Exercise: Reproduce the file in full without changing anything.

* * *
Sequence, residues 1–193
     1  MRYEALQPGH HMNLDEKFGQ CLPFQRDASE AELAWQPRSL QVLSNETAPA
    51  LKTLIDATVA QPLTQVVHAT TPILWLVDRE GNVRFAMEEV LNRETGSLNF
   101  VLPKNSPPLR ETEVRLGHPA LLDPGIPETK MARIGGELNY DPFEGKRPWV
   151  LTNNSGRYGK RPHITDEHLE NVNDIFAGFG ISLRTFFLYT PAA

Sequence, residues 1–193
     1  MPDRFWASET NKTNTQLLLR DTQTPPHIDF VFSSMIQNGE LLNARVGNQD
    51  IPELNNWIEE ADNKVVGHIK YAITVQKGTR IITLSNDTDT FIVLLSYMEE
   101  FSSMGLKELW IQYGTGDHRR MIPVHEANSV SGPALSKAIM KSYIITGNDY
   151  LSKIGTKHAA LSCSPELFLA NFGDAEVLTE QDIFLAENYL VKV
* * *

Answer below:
Sequence, residues 1–193
     1  MRYEALQPGH HMNLDEKFGQ CLPFQRDASE AELAWQPRSL QVLSNETAPA
    51  LKTLIDATVA QPLTQVVHAT TPILWLVDRE GNVRFAMEEV LNRETGSLNF
   101  VLPKNSPPLR ETEVRLGHPA LLDPGIPETK MARIGGELNY DPFEGKRPWV
   151  LTNNSGRYGK RPHITDEHLE NVNDIFAGFG ISLRTFFLYT PAA

Sequence, residues 1–193
     1  MPDRFWASET NKTNTQLLLR DTQTPPHIDF VFSSMIQNGE LLNARVGNQD
    51  IPELNNWIEE ADNKVVGHIK YAITVQKGTR IITLSNDTDT FIVLLSYMEE
   101  FSSMGLKELW IQYGTGDHRR MIPVHEANSV SGPALSKAIM KSYIITGNDY
   151  LSKIGTKHAA LSCSPELFLA NFGDAEVLTE QDIFLAENYL VKV